you use these so that only one set of speakers produces a frequency, you usually avoid overlap of crossover points.

i set the crossover point based on these factors:
1. the published frequency response of the speakers.
2. the volume you intend to listen to
3. the amount of bass you want.
4. and most importantly - what sounds best

i usually play with both until i am happy, but 80Hz is a good starting point.
 

Last edited by keep_hope_alive; 07-11-2010 at 03:32 PM.
  #14  
Old 07-11-2010, 03:45 PM
keep_hope_alive's Avatar
Super Moderator
Join Date: Dec 2009
Location: Quad Cities, IL
Posts: 3,210
Default

i can explain this better like so:

Channels 1 & 2
From left to right in the picture above:
HPF around 80Hz that should be about the 9-10 o'clock position on the amp dial.
MODE switch at HPF
LPF setting doesn't matter
CH1&2 bass setting at 0.

Channels 3 & 4
From left to right in the picture above:
HPF setting doesn't matter
MODE switch at LPF
LPF around 70-80Hz, that should be about the 9-10 o'clock position on the dial.
BASS dial no more than 40% - or no higher than 12 o'clock position on the dial.
 
  #15  
Old 07-13-2010, 10:44 PM
Thread Starter
Join Date: Jun 2010
Posts: 6
Default

Okay hope, I followed your amp instructions. The only difference is I was more conservative on how I set everything and it sounds great, definitely better than before.

Although it sounds amazing, I still have a problem with the speakers cutting out. I can play them for 30 minutes straight - no problem - after that, they cut out. Sometimes, they'll cut out and then 10 seconds later, cut back in. ARGH , if I lowered the gain on the components or the sub any further, I literally won't have sound. My thought is the amp is overheating. They play fine then suddenly stop after 1/2 hour but why?

Why is this happening? The amp is definitely powerful enough. Should I lower the LOC dials even more? Should I post pictures of the settings/wire connections on the amp?
 
  #16  
Old 07-14-2010, 09:00 AM
keep_hope_alive's Avatar
Super Moderator
Join Date: Dec 2009
Location: Quad Cities, IL
Posts: 3,210
Default

i bet that is annoying.

start by measuring the resistance (with a DMM) at the ends of the speaker wires to verify you have close to 4 ohms for the speakers and sub. disconnect the speaker wires from the amp, one pair at a time, and measure the resistance.

hopefully you didn't end up with a 2 ohm sub or something.
 
  #17  
Old 07-06-2011, 08:16 AM
Join Date: Jul 2011
Posts: 8
Default

Amazing instructions. I installed a whole system in like a day!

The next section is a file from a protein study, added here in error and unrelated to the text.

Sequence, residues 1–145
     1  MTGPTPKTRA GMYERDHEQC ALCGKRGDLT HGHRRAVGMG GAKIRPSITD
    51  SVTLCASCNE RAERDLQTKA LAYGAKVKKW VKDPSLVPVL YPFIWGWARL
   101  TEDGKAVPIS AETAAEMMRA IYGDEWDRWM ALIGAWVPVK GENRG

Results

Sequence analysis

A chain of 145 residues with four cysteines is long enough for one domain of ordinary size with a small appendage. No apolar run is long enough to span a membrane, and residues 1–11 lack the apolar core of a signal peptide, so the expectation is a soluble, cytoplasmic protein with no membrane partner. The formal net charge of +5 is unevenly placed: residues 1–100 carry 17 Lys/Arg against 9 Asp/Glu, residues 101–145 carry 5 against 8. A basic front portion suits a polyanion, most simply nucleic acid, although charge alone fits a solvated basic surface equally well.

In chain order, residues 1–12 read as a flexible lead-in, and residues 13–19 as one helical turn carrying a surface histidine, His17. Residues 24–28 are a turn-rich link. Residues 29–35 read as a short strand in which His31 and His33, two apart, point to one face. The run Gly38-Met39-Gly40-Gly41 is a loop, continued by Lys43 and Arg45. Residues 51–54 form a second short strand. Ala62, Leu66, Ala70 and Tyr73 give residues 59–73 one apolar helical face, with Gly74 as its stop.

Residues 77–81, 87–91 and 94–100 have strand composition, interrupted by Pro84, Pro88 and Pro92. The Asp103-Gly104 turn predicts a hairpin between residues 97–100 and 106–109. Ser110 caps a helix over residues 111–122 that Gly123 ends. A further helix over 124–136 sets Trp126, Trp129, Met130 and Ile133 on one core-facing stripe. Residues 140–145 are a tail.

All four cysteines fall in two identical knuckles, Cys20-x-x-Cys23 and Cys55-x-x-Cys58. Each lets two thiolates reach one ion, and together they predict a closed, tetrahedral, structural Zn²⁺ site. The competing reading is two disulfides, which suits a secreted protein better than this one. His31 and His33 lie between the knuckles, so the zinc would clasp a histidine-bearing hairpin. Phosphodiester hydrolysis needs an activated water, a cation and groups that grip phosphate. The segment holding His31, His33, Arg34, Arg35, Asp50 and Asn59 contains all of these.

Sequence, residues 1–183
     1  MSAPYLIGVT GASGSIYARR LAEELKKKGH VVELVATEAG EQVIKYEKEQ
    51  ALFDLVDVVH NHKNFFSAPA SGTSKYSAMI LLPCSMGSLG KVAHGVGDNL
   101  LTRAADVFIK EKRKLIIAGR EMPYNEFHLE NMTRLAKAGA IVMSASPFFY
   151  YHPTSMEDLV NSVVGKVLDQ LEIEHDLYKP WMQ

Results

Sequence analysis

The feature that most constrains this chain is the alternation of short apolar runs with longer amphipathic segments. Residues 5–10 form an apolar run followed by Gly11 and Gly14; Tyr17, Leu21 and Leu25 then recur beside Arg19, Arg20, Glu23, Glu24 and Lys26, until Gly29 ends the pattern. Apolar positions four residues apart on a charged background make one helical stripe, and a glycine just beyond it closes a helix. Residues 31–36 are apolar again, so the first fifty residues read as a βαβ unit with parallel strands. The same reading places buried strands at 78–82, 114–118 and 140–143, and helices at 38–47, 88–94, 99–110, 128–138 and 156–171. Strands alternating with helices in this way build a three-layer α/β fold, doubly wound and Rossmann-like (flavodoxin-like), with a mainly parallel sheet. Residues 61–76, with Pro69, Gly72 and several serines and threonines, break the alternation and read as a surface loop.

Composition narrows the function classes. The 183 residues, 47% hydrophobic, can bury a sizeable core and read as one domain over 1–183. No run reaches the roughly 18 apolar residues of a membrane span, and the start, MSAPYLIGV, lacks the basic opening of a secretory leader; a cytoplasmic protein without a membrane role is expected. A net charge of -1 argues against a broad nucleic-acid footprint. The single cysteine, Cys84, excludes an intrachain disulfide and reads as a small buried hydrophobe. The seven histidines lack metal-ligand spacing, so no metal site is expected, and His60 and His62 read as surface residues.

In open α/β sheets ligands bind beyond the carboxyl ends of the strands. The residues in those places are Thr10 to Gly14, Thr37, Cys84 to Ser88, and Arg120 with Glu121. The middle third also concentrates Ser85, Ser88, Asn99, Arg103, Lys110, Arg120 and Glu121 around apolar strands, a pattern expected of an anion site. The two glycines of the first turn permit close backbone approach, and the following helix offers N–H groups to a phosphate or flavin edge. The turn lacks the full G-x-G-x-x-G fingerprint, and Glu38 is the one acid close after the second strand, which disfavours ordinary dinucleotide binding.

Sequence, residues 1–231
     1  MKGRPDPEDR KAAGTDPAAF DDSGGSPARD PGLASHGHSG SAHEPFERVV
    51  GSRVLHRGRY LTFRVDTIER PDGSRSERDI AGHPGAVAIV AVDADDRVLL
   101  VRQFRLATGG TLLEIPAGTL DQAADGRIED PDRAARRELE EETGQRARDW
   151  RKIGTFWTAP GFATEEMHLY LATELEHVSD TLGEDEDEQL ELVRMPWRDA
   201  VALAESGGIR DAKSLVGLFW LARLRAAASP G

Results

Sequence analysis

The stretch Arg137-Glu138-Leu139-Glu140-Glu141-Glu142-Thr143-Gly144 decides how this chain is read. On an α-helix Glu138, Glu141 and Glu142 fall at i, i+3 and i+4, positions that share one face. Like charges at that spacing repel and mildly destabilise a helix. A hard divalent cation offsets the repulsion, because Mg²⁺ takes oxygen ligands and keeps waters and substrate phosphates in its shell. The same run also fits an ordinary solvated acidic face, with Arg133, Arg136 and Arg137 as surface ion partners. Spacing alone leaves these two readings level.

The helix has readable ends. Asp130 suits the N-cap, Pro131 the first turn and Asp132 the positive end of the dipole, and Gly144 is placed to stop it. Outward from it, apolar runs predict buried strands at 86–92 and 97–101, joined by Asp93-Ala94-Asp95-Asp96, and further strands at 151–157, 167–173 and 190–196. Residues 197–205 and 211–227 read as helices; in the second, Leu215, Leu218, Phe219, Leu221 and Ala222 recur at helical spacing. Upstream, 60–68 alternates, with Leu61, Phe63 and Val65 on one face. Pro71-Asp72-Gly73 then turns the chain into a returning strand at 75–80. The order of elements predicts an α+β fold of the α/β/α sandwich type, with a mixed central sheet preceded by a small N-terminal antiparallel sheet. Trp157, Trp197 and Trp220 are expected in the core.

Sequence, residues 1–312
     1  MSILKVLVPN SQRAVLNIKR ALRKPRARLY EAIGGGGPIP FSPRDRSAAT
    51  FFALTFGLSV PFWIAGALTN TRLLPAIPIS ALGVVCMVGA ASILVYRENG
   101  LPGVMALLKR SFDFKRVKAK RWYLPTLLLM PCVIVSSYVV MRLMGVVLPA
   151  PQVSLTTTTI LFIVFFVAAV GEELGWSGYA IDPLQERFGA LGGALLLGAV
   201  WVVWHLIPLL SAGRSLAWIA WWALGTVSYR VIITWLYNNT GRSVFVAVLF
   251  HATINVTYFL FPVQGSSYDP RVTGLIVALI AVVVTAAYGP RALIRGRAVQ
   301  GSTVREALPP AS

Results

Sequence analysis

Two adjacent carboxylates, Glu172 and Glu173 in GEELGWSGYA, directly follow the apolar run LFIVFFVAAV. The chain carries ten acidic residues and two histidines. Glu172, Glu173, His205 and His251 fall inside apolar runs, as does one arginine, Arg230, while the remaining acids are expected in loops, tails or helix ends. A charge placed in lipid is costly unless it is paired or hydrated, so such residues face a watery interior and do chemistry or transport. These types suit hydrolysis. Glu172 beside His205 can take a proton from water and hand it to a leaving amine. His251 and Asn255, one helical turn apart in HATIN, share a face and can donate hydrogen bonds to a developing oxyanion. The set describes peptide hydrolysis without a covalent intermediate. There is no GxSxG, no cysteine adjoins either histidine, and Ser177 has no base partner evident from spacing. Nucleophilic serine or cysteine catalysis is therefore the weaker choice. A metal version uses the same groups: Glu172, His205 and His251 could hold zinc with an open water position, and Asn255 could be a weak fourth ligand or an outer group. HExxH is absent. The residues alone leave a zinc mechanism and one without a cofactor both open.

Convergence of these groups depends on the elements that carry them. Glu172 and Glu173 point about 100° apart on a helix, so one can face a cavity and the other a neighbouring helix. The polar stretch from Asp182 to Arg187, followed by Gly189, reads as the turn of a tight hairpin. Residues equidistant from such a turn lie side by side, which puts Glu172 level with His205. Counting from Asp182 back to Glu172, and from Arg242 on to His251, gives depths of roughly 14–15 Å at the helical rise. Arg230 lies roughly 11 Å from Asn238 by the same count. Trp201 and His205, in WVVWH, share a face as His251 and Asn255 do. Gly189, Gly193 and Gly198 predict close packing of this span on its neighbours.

#18  
Old 12-02-2011, 08:55 PM
Join Date: Dec 2011
Posts: 1
Default

Originally Posted by keep_hope_alive View Post
Polk speakers are fine - but don't get coaxials up front. you have factory components - get components up front. There are plenty choices out there in the $100 component set category. Alpine, Polk, Infinity, MB Quart, Pioneer, etc.

Here is my recommendation (prices from Sonic Electronix):

Amplifier - Powerbass ASA-600.4x. $200. A 4 channel amp that can run the front components and a single 12" sub (bridged @4 ohms)

Speakers - Boston Acoustics S60. $110. Shallow 6.5" comp set with good sound.
or - Alpine SPS-600C. $90. Standard entry level Alpine

Sub (needs to be 4ohm SVC or 2ohm DVC)- Xtant A212S enclosed 12" sub. $75. A killer price on a good quality 12" sub.
or - Kicker 07VC124 enclosed 12" sub. $125. Standard entry level Kicker.

And you'll need a 4awg amp kit (Streetwires or Rockford Fosgate)
You'll need 4 channel RCA's (you can get one set in an amp kit).
And to get the signal from your factory radio - you need a Line Output Converter (LOC) with an auto-turn on feature.
PAC-Audio AOEM-HON20
Pac-Audio.com Product Details | iPod Integration for your car and More by Pac-Audio - Connecting you to the future
Will that PAC-Audio converter work with a 2012 head unit? It's only listed up to 2008. Anyone have any experience with those?
 

Last edited by exige24; 12-02-2011 at 09:00 PM.
  #19  
Old 01-13-2012, 08:08 AM
Member
Join Date: Jan 2011
Location: Dirtyburg aka Fredericksburg VA
Posts: 124
Default

Grounds ... Nice work BTW Mr keep hope alive..

I know old thread...
 

Last edited by Dannyboi40; 01-13-2012 at 08:12 AM. Reason: old thread.. didnt check before posting
  #20  
Old 01-13-2012, 08:22 AM
Member
Join Date: Jan 2011
Location: Dirtyburg aka Fredericksburg VA
Posts: 124
Default

Exige24.. maybe u can find something here...

PAC SOEM-T (soemt) Premium 2-Channel Adjustable Line Out
 

Thread Tools
Search this Thread
Quick Reply: Budget sound system for $400-$500?


Contact Us - Archive - Advertising - Cookie Policy - Privacy Statement - Terms of Service

© 2019 MH Sub I, LLC dba Internet Brands

We are a participant in the Amazon Services LLC Associates Program, an affiliate advertising program designed to provide a means for us to earn fees by linking to Amazon.com and affiliated sites.